Acceleration of Ion Seperation

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  • #1
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Homework Statement


Ok, so this question is not really a homework problem but just something I'm trying to solve for fun and to improve my problem solving skills.

You must separate fast moving ions from slow moving ones. To do this the ions are brought into the device in a narrow beam so that all of the ions are going in the same direction. The ion beam then passes between two parallel copper plates. Each plate is 5.0 cm long, 4.0 cm wide, and the two plates are seperated by 3.0 cm. A high voltage is applied to the plates causing the ions passing between them to have a constant acceleration directly toward one of the plates and away from the other plate. You boss asks you to calculate the magnitude of acceleration between the plates necessary to seperate ions with a velocity of 100 m/s from those in the beam going 1000 m/s by 2.0 cm when they hit the ion detector 50 cm away. Before the ions enter the gap between the plates, they are going directly toward the center of the gap parallel to the surfaces of the plates. After the ions leave the gap between the plates, they are no longer accelerated during the remaining 50 cm to the ion detector. You look at the ion detector and find its face be circle with a radius of 7 cm.

Homework Equations


##X_f = X_0 + V_0t + (1/2)at^2##

The Attempt at a Solution


IMG_20150922_212801965.jpg


Ignore the 48.04 cm. I realize that's wrong. Same thing with the 2.3. That shouldn't be there.

So I figured that a lot of the information they gave was irrelevent, such as the dimensions of the plates and the radius of the detector. I used Pythagorean theorem to find the velocity of ##X_{2c}## after it left the plates,

##X_{2c} = \sqrt(50^2 + 2^2)##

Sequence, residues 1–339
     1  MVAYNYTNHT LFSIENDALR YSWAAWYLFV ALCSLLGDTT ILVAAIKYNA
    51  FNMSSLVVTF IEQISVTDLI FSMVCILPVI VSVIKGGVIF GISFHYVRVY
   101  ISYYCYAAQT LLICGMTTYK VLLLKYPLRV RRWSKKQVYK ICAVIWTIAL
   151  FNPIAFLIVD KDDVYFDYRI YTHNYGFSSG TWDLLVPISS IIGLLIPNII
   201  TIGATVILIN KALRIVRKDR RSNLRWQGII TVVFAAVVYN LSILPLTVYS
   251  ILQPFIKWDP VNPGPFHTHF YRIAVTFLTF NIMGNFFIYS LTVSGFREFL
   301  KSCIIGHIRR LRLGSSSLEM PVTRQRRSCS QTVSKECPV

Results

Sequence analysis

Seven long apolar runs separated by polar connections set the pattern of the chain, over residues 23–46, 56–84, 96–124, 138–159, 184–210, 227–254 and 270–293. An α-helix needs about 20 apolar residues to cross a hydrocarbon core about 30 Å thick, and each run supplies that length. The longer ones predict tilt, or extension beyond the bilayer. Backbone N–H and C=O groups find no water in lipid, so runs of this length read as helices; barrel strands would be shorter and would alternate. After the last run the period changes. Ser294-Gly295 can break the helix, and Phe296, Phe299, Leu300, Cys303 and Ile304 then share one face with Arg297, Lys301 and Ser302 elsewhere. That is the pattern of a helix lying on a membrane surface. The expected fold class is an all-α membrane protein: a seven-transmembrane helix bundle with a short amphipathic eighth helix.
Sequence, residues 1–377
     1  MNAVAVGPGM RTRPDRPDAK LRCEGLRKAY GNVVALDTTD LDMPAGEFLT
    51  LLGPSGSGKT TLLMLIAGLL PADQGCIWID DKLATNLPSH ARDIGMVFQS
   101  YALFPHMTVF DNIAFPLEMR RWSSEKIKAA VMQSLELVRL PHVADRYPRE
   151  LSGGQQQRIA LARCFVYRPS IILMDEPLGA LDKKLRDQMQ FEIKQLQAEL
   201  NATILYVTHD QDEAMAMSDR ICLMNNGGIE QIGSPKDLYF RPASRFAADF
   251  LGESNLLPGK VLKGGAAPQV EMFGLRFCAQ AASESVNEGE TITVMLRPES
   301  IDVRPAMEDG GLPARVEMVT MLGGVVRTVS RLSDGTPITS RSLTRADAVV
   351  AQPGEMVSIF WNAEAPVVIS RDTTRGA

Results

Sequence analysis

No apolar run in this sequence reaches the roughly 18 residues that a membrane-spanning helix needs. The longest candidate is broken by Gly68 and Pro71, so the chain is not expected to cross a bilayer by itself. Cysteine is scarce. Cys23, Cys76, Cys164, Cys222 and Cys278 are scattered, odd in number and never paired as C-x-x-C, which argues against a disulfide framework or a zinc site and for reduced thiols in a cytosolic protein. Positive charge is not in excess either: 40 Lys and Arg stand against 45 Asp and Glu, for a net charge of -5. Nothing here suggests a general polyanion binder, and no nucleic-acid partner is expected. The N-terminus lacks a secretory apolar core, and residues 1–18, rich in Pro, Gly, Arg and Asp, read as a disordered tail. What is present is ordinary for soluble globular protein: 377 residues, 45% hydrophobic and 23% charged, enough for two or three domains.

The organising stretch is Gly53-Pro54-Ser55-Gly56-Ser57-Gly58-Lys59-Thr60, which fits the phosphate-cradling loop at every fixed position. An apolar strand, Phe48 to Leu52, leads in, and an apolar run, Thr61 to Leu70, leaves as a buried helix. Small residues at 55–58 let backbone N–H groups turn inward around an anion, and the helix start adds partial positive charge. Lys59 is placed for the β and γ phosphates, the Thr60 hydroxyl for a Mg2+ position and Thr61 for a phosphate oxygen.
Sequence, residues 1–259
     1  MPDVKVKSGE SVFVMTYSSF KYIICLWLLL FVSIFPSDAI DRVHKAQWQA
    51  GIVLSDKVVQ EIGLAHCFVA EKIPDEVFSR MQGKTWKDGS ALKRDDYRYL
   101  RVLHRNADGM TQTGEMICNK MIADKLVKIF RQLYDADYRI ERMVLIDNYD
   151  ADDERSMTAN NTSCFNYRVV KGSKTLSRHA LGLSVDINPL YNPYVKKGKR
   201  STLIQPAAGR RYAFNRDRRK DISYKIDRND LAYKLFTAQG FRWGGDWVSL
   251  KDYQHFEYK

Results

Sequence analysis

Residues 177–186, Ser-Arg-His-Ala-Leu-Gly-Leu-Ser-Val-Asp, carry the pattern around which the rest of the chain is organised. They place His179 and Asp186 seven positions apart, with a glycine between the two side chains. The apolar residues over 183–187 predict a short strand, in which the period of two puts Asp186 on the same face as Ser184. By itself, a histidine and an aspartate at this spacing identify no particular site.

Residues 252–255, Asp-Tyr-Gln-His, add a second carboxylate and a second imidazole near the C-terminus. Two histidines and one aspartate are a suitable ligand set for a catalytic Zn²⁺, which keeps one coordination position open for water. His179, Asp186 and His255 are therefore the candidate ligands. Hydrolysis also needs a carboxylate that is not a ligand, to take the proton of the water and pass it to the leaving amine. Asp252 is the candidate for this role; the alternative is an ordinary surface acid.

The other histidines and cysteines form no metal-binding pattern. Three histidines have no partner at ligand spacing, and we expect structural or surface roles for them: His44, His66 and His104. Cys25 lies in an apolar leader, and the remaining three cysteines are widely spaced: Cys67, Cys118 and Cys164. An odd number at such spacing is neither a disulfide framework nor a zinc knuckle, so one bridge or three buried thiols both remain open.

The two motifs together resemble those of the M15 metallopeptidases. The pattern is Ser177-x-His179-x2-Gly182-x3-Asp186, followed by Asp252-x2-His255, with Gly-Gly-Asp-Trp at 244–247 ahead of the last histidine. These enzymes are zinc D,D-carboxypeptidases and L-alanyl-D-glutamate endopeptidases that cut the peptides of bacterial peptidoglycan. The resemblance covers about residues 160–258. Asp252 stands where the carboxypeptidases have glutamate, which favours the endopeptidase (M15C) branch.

I just don't know where to go from here. I've been staring at this problem for hours.
 

Answers and Replies

  • #2
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If something is moving with 1000 m/s to the left, how much time does it take to travel 50 cm? To get deflected by some distance (let's say 5 cm as example, you don't know the value you need yet), what is its vertical velocity?
 
  • #3
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If something is moving with 1000 m/s to the left, how much time does it take to travel 50 cm? To get deflected by some distance (let's say 5 cm as example, you don't know the value you need yet), what is its vertical velocity?
0.0005 seconds. But the velocity is 1000 m/s before going through the plates.
 
  • #4
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Do you expect the horizontal velocity component to change?
 
  • #5
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Good point.

## X_{f_y} = X_{0_y} + V_{0_y}t + (1/2)at^2 ##
0.05 m = 0 + 1000 m/s(0.0005s) + (1/2)a(0.0005)^2
a = 3600000 m/s^2

## V_{f_y} = V_{0_y} + at##
= 1000 m/s + (-3600000 m/s^2)(0.0005 s)
= -800 m/s
 
  • #6
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There is no acceleration over the 50 cm distance.
There is acceleration over the 5 cm of plates before, however.

This acceleration does not happen in the direction of the 1000 m/s velocity, however. You are mixing the two components.
 
  • #7
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I just realized that. a = 400000 m/s^2
Vy = 200 m/s

Edit: never mind, that's wrong too.
 
  • #8
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Now you can include the displacement that happens within the plates if you like. It is a small correction (~5%).